If someone wishes 1 to contend 2 with him, he cannot answer 3 him one time in a thousand.
Though one wished to dispute with him, he could not answer him one time out of a thousand.
"If one wished to dispute with Him, He could not answer Him once in a thousand times.
If someone wanted to take God to court, would it be possible to answer him even once in a thousand times?
If we wanted to bring our case before him, what chance would we have? Not one in a thousand!
If a man was desiring to go to law with him, he would not be able to give him an answer to one out of a thousand questions.
If one wished to contend with him, one could not answer him once in a thousand.
If one wished to contend with Him, He could not answer Him one time out of a thousand.
If he will
with him, he cannot answer
of a thousand
|NET © [draft] ITL|
him, he cannot
time in a thousand.
|NET © Notes||
1 tn Some commentators take God to be the subject of this verb, but it is more likely that it refers to the mortal who tries to challenge God in a controversy. The verb is used of Job in 13:3.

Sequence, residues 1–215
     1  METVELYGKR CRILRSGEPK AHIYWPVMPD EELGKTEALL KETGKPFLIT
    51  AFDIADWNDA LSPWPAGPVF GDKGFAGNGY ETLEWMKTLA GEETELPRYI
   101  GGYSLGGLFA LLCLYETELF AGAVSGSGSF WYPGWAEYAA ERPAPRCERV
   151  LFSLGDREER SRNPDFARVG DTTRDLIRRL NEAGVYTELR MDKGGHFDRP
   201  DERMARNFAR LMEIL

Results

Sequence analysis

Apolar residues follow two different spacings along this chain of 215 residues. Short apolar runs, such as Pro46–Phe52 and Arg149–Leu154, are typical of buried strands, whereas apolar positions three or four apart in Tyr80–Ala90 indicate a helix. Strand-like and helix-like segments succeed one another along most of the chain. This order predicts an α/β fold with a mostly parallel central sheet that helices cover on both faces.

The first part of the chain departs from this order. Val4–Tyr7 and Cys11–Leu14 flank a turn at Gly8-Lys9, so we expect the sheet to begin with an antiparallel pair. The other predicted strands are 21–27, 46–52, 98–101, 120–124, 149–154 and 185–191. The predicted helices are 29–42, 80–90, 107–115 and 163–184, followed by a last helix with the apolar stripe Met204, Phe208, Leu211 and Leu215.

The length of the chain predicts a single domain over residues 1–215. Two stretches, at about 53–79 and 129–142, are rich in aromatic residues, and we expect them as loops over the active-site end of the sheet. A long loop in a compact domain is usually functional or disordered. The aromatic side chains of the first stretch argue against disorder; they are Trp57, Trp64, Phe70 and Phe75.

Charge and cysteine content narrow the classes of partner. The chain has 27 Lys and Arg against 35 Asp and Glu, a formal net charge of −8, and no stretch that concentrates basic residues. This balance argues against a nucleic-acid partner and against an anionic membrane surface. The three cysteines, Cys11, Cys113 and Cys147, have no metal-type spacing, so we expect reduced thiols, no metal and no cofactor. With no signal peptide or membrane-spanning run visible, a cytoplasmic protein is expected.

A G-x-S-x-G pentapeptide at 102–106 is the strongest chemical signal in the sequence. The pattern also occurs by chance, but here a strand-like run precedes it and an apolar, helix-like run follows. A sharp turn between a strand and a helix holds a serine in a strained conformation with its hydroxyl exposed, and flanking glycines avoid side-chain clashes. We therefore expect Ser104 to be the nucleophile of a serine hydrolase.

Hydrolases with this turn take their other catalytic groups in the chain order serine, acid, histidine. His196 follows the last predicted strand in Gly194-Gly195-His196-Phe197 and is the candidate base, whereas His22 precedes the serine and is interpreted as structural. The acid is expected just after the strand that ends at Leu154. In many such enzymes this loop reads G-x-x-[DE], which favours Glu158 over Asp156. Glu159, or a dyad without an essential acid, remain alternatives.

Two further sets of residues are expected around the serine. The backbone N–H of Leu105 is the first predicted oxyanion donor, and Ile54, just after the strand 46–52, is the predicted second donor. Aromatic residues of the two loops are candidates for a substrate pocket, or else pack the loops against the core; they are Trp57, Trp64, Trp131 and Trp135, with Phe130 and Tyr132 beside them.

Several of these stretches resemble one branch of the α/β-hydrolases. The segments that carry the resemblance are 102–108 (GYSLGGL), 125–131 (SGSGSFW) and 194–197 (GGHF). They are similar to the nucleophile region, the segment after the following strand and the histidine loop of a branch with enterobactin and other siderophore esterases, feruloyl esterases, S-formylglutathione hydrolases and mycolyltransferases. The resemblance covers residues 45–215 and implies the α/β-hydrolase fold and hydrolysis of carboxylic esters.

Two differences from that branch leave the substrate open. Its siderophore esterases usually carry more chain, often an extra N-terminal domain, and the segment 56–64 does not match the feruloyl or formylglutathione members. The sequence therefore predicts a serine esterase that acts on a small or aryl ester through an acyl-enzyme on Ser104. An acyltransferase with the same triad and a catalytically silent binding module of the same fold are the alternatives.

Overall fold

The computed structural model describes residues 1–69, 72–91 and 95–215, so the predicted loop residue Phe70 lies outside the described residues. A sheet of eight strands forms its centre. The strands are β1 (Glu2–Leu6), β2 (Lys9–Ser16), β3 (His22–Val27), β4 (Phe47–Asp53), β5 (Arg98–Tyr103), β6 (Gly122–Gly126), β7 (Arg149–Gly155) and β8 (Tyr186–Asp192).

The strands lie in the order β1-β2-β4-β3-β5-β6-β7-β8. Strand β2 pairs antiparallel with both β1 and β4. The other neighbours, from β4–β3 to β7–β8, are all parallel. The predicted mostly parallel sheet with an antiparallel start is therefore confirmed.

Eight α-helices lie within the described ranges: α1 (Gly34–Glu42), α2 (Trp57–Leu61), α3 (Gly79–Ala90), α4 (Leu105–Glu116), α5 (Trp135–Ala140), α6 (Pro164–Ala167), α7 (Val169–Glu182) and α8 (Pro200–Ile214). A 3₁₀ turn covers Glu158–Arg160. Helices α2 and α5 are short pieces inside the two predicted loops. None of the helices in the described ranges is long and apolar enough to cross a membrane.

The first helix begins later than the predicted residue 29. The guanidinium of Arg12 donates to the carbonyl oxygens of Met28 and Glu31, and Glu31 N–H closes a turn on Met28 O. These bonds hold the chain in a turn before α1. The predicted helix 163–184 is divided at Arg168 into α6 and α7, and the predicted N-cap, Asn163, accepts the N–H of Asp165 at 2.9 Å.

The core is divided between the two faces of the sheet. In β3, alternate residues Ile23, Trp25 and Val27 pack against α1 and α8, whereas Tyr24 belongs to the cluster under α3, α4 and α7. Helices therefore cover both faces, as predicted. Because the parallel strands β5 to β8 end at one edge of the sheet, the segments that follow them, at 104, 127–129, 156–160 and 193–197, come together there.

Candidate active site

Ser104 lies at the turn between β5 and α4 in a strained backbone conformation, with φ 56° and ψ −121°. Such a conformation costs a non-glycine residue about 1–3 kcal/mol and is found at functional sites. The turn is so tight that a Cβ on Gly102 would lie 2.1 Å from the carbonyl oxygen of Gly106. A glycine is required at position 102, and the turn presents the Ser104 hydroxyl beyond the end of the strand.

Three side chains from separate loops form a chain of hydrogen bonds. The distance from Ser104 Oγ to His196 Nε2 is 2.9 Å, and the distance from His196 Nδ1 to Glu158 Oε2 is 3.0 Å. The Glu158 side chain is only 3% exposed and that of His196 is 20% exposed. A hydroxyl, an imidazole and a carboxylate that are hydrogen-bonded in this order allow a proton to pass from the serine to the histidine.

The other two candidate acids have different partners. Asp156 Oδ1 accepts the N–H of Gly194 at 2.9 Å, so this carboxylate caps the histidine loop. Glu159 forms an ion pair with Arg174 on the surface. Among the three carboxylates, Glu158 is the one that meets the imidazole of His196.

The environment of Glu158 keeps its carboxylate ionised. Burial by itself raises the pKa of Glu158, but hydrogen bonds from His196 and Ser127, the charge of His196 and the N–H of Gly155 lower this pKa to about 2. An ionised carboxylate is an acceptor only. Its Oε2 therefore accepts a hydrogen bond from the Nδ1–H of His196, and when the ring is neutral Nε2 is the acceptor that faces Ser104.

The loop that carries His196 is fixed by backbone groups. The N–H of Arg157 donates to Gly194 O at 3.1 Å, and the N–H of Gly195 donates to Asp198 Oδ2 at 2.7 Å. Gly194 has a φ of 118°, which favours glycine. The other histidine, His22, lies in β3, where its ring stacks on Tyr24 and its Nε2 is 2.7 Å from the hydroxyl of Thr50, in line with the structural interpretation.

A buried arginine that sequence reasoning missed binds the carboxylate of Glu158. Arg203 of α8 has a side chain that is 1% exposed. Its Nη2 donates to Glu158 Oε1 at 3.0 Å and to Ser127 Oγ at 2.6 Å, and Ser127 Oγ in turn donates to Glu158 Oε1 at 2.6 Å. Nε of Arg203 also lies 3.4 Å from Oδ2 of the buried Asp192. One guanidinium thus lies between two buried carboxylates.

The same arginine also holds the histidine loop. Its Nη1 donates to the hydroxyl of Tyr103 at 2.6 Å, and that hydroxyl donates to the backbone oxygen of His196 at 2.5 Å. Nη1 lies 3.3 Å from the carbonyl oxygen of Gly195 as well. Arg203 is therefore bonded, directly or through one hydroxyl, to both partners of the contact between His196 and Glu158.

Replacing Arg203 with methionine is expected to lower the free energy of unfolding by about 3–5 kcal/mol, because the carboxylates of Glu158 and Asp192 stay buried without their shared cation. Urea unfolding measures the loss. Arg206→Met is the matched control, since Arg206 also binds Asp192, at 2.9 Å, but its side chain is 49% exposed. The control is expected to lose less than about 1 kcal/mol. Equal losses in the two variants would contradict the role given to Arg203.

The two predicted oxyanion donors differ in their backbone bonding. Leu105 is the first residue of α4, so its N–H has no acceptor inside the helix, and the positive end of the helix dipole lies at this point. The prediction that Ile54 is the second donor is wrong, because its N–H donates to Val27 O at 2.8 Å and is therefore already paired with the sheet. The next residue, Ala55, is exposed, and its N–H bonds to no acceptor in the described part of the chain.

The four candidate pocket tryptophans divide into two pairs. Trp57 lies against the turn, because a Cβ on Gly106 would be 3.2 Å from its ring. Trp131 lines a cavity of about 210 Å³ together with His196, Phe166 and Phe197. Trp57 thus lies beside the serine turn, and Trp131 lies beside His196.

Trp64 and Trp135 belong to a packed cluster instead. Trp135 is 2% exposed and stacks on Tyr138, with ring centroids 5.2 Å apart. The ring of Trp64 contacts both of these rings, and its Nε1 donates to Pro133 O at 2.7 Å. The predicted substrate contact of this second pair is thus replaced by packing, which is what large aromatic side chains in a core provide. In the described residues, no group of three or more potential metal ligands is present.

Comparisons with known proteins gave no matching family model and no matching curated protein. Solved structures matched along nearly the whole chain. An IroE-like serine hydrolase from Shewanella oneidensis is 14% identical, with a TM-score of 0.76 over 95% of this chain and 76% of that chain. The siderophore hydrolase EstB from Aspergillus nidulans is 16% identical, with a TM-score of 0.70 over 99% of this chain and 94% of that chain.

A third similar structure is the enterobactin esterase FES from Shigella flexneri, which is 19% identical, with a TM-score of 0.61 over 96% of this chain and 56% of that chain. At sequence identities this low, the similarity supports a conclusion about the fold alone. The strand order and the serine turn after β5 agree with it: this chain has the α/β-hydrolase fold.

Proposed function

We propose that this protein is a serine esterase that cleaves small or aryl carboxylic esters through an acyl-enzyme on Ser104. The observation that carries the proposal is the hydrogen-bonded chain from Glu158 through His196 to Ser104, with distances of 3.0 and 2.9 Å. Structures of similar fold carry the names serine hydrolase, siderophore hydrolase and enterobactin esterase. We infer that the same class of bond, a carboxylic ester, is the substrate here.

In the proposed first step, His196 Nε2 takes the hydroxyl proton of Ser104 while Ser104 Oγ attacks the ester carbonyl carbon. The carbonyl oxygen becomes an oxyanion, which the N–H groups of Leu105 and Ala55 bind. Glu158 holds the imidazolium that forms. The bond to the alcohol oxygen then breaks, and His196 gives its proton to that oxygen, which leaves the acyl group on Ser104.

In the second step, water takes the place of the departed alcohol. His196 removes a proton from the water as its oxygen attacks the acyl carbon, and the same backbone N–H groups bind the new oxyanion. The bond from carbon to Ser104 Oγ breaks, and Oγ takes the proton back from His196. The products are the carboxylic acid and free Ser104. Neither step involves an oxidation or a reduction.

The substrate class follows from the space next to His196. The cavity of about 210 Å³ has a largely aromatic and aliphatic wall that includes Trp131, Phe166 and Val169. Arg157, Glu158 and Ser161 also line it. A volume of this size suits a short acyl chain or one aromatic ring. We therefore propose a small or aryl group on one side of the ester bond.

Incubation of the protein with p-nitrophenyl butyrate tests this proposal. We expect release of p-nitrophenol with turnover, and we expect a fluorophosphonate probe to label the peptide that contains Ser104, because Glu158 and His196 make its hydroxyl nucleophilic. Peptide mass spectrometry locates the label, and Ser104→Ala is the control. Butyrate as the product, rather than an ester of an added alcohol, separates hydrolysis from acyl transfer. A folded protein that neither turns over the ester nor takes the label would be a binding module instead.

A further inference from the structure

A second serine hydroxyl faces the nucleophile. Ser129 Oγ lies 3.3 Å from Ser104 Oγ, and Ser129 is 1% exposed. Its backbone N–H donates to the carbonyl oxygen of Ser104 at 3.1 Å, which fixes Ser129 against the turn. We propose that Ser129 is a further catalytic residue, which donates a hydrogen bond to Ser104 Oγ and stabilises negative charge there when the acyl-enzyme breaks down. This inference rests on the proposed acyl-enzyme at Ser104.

2 tn The verb רִיב (riv) is a common one; it has the idea of “contention; dispute; legal dispute or controversy; go to law.” With the preposition אִם (’im) the idea must be “to contend with” or “to dispute with.” The preposition reflects the prepositional phrase “with God” in v. 2, supporting the view that man is the subject.
3 tn This use of the imperfect as potential imperfect assumes that the human is the subject, that in a dispute with God he could not answer one of God’s questions (for which see the conclusion of the book when God questions Job). On the other hand, if the interpretation were that God does not answer the demands of mortals, then a simple progressive imperfect would be required. In support of this is the frustration of Job that God does not answer him.